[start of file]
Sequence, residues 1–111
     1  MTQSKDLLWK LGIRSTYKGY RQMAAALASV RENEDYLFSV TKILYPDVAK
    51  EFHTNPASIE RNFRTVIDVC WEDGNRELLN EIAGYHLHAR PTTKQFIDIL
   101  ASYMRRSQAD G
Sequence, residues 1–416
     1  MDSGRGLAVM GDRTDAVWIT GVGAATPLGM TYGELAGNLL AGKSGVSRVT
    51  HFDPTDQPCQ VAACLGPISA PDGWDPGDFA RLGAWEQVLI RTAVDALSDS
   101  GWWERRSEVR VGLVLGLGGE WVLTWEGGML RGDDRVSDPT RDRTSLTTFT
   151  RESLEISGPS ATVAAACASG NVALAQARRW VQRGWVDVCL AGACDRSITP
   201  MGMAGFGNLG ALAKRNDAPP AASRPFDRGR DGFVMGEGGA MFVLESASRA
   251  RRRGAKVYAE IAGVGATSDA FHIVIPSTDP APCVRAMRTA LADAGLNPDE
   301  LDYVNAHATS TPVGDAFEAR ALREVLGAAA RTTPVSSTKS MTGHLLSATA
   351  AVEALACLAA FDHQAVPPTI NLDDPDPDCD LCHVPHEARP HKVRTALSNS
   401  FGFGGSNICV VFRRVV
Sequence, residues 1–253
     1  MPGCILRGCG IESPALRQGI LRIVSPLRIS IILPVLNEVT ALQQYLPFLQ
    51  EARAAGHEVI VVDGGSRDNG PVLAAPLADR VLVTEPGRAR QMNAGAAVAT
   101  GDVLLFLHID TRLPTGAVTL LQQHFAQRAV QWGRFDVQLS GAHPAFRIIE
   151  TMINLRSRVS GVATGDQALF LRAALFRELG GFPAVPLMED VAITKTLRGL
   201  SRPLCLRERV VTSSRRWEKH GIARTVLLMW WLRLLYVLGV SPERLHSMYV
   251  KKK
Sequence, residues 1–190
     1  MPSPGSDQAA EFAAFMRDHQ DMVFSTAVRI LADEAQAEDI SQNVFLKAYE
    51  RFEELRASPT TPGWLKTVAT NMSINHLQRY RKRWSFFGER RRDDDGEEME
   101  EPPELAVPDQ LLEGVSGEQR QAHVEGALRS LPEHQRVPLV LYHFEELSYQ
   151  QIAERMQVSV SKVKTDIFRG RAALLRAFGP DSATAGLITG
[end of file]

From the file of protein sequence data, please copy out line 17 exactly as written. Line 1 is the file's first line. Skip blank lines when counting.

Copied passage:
    51  EARAAGHEVI VVDGGSRDNG PVLAAPLADR VLVTEPGRAR QMNAGAAVAT